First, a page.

The ability to delay gratification—sacrificing smaller, instant benefits for the prospect of larger future rewards—is among the most important factors predicting higher income, say scientists who used artificial intelligence to rank determinants of affluence.
The researchers from Temple University in the US found that education and occupation were the best predictors.
However, ability to delay instant gratification beat factors like age, race, ethnicity and height.
Published in Frontiers in Psychology, the study suggests that interventions to improve this "delay discounting" could have literal payoffs in terms of higher income attainment.
Many factors are related to how much money a person will earn, including age, occupation, education, gender, ethnicity and even height. Behavioral variables are also implicated, such as one relating to the famous "marshmallow test."
This study of delay discounting, or how much a person discounts the value of future rewards compared to immediate ones, showed children with greater self-control were more likely to have higher salaries later in life.
Traditional ways of analysing data have been unable to indicate which of these factors are more important than others.
"All sorts of things predict income. We knew that this behavioural variable, delay discounting, was also predictive—but we were really curious how it would stack up against more common-sense predictors like education and age," said William Hampton, lead author of the research.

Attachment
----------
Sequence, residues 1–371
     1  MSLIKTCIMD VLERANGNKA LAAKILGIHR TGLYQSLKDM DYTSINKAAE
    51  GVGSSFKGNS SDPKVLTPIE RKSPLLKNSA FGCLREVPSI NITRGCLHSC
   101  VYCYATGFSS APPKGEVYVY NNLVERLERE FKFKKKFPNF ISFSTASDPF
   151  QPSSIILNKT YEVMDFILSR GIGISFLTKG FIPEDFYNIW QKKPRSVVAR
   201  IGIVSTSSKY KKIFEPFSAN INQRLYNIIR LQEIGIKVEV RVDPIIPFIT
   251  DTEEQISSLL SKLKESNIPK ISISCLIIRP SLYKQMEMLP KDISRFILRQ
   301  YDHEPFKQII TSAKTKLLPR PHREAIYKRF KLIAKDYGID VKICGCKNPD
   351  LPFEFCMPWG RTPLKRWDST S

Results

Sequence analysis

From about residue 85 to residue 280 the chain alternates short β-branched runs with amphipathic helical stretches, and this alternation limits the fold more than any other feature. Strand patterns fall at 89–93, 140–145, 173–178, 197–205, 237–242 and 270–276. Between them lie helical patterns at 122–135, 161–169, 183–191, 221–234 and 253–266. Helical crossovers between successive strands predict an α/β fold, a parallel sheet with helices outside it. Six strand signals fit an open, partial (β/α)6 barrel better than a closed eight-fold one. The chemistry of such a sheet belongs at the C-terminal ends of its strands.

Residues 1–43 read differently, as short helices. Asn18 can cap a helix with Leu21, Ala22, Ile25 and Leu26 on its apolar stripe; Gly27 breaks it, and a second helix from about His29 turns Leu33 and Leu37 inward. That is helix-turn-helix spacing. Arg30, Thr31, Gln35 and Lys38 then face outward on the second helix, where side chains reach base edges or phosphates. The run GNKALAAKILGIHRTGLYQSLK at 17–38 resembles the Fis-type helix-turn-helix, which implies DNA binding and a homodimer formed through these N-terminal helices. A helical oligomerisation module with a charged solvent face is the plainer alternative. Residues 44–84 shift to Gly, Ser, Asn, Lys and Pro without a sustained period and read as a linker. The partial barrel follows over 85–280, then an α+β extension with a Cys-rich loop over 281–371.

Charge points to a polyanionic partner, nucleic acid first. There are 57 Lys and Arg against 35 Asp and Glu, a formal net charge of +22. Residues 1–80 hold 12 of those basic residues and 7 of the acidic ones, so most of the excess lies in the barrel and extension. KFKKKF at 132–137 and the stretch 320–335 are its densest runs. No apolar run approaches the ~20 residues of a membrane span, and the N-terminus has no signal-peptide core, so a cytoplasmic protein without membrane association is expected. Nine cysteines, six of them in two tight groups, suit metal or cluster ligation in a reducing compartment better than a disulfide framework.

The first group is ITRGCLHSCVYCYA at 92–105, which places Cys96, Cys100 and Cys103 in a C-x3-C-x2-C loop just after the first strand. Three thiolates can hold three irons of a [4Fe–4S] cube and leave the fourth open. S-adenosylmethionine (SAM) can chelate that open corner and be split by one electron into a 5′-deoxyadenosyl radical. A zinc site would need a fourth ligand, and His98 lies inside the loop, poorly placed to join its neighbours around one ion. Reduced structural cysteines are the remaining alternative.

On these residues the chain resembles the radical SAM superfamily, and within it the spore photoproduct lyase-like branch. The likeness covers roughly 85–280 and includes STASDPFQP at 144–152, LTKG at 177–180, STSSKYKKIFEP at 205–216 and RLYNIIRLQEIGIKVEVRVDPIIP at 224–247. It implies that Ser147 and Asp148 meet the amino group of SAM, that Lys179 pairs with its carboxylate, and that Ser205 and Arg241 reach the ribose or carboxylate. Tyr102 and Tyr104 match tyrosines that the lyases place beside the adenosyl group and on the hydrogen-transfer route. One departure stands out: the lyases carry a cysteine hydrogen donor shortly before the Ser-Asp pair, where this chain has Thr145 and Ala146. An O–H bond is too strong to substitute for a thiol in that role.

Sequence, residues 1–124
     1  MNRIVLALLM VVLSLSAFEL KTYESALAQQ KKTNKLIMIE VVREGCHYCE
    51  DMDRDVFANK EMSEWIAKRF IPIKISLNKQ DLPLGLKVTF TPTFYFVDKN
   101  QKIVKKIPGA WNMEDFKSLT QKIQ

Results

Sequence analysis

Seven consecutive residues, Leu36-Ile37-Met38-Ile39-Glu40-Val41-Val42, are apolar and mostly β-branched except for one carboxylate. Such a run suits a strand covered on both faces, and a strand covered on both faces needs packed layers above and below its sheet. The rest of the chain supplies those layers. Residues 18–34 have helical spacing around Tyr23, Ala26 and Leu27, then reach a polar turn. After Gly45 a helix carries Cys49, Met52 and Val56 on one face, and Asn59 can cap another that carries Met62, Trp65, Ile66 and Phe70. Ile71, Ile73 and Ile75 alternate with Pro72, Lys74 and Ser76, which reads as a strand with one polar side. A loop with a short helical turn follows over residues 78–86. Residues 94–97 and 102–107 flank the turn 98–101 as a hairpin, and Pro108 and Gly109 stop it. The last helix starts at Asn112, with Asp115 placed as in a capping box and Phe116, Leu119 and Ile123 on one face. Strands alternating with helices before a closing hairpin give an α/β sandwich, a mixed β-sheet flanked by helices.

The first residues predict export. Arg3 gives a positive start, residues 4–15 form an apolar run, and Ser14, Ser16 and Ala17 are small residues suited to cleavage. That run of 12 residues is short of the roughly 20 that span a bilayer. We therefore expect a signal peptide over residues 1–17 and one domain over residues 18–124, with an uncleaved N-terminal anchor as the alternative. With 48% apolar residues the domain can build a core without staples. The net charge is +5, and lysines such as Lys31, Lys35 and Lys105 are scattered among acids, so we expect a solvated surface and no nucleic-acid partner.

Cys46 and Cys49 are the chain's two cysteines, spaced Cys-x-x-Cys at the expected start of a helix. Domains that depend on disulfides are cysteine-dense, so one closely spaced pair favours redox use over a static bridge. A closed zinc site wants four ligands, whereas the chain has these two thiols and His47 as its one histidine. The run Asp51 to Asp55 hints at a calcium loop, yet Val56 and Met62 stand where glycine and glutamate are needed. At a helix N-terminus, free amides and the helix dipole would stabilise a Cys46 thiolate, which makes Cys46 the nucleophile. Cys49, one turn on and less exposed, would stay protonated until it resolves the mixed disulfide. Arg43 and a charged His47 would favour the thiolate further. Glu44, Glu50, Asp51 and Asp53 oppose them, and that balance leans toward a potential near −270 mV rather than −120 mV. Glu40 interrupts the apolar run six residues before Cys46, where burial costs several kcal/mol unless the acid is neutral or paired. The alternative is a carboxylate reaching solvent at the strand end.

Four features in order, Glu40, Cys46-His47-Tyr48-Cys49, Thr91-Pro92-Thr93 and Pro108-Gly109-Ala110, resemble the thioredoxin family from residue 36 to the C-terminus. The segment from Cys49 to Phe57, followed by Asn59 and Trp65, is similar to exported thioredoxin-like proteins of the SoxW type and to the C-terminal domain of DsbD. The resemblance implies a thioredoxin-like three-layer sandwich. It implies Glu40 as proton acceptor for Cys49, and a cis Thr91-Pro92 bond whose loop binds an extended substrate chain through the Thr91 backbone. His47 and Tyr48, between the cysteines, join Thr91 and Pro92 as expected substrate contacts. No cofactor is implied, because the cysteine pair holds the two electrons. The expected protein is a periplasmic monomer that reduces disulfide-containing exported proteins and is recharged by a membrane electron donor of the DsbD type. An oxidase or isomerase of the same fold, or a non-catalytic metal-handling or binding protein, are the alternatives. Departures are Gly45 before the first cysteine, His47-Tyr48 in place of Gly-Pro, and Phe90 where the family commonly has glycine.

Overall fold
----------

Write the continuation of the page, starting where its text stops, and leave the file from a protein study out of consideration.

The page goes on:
"Using machine learning, our study was the first to create a validated rank ordering of age, occupation, education, geographic location, gender, race, ethnicity, height, age and delay discounting in income prediction," said Hampton, who is now at the University of St Gallen in Switzerland.
Traditional methods used by psychologists—such as correlations and regression—haven't allowed for a simultaneous comparison of different factors relating to an individual's affluence.
This study collected a large amount of data—from more than 2,500 diverse participants—and split them into a training set and a test set.
The test set was put aside while the training set produced model results. The researchers then went back to the test set to test the accuracy of their findings.
The models indicated that occupation and education were the best predictors of high income, followed by location and gender—with males earning more than females. Delay discounting was the next most-important factor, being more predictive than age, race, ethnicity or height.
"This was amazing because it allowed us to check our findings and replicate them, giving us much greater confidence that they were accurate," said Hampton.
"This is particularly important given the recent wave of findings across science that do not seem to replicate. Using this machine learning approach could lead to more research that replicates—and we hope this spurs the use of more sophisticated analytic approaches in general," he said.